Travel with Children
Kenya is a wonderful destination for families. Everyone will need vaccinations and Africa can seem like a daunting place for kids, but if you’re prepared to spend a little extra and take comfort over adventure for the core of the trip, you might just have the holiday of a lifetime.
Best Regions for Kids
- Masai Mara & Western Kenya
A safari in the Masai Mara, particularly during the extraordinary spectacle of the massed wildebeest migration (July to October), is surely one of the most memorable experiences your child will ever have in nature. If you take your kids to one wildlife reserve, make it the Masai Mara.
- Southern Rift Valley
Shorter distances, better roads, scenic variety, child-friendly parks and great big lakes make the Rift Valley the best overall part of inland Kenya for little people.
- Lamu & Diani Beach
You could go anywhere along Kenya’s coast and find your family’s own little slice of paradise. But there’s something about the languid pace of life in and around Lamu that seems perfectly suited to a family holiday. On the south coast Diani Beach has loads to offer younger travellers.
Kenya for Kids
Families travelling with kids have long been an established part of Kenyan travel and most Kenyans will go out of their way to make your children feel welcome.
Beach holidays are a sure-fire way to keep the kids happy, and factoring in some beach time to go with the safari can be a good idea. Kenya’s beaches alone should be sufficient, but some of the watersports on offer, such as snorkelling, may be suitable for children, depending on their age. And packing a picnic lunch and sailing out to sea on a dhow (a traditional old sailing boat) is a fine way to spend some fun family time.
The safari could have been custom-built for children. Driving up almost to within touching distance of elephants, watching lion cubs gambolling across the plains or holding their breath as a cheetah accelerates across the savannah – these are experiences that will stay with your kids for a lifetime.
National Parks & Reserves
- Masai Mara National Reserve Africa’s charismatic megafauna in abundance.
- Lake Nakuru National Park Lions, leopards and playful monkeys with easy access.
- Nairobi National Park A kid-sized park with no time for interest levels to flag.
- Shimba Hills National Reserve A quick half-day safari from the coast with good roads all the way.
- Hell's Gate National Park Walk and cycle with megafauna.
- Ballooning Ride high over the Masai Mara in a balloon.
- Dolphin watching Swim with the dolphins at Kisite Marine National Park.
- Snorkelling Snorkel at Manda Toto Island to discover a whole new underwater world.
- Sailing Take a dhow trip from Lamu for a picnic lunch on the beach.
- Elephant feeding Feed the elephant orphans at Nairobi’s David Sheldrick Wildlife Trust.
Local attitudes towards children vary in Kenya just as they do in the West, but kids will generally be welcomed anywhere that’s not an exclusively male preserve, especially by women with families of their own.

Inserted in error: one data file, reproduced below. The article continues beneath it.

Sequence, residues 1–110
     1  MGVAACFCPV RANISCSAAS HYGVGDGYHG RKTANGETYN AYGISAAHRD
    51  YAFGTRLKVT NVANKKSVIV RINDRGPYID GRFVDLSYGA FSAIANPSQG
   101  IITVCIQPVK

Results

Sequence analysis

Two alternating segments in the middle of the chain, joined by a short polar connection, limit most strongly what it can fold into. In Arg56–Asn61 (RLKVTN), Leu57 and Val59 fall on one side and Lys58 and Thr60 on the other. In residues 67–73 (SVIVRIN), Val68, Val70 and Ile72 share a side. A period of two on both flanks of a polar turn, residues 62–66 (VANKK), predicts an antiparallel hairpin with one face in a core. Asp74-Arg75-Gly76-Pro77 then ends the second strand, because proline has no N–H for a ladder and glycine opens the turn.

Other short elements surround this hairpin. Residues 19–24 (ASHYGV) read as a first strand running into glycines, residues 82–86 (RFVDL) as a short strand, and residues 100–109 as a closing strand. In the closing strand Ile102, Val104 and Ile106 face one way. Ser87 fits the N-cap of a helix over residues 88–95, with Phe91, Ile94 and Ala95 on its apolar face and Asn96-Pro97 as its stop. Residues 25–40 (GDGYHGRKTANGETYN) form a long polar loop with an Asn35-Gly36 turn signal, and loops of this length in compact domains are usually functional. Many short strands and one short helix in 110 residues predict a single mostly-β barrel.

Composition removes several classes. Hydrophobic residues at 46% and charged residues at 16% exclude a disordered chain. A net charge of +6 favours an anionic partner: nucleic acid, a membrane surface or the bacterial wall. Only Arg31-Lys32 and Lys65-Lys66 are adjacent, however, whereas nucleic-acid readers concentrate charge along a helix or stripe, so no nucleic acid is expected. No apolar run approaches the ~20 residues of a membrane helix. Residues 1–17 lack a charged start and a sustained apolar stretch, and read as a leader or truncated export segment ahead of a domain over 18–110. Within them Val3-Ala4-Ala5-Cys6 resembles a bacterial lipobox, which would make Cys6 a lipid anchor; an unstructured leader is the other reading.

Safari lodges can handle most practicalities with aplomb, whether it’s an extra bed or cot, or buffet meals that will have something even the fussiest of eaters will try. Some lodges have children’s playgrounds and almost all have swimming pools. In non-lodge accommodation, your chances of finding what you need (such as cots) increase the more you’re willing to pay.
Budget hotels are probably best avoided for hygiene reasons. Most midrange accommodation should be acceptable, though it’s usually only top-end places that cater specifically for families. Camping can be exciting for the little ones, but you’ll need to be extra careful that your kids aren’t able to wander off unsupervised into the bush.
Most hotels will not charge for children under two years of age. Children between two and 12 years who share their parents’ room are usually charged 50% of the adult rate; you’ll also get a cot thrown in for this price. Large family rooms are sometimes available, and some places also have adjoining rooms with connecting doors.
Be warned that some exclusive lodges, especially those aimed at a honeymoon or similar market, impose a minimum age limit for children. Others are more welcoming and lay on child-friendly activities.
Kenyans are family friendly and dining out with children is no problem. Hotel restaurants occasionally have high chairs, and while special children’s meals aren’t common, it’s easy enough to find items that are suitable for young diners. Supermarkets stock boxes of fresh juice, and fresh fruit (tangerines, bananas and more) is widely available.
Consult your doctor well in advance of travel as some vaccinations or medications (including some for preventing malaria) are not suitable for children under 12 years.
Safari vehicles are usually child friendly, but travelling between towns in Kenya on public transport is not always easy with children. Car sickness is one problem, and young children tend to be seen as wriggling luggage, so you’ll often have them on your lap. Functional seatbelts are rare even in taxis and accidents are common – a child seat brought from home is a good idea if you’re hiring a car or going on safari. You might also want to consider flying some parts of the journey in order to avoid long road trips.
What to Pack
While supplies of the following are available in most large supermarkets, they can be expensive and may not be the brands you're used to back home. Bring as much as possible from home:
- canned baby foods
- child-friendly insect repellent (not available in Kenya)
- child seat if you’re hiring a car or going on safari
- disposable nappies
- powdered milk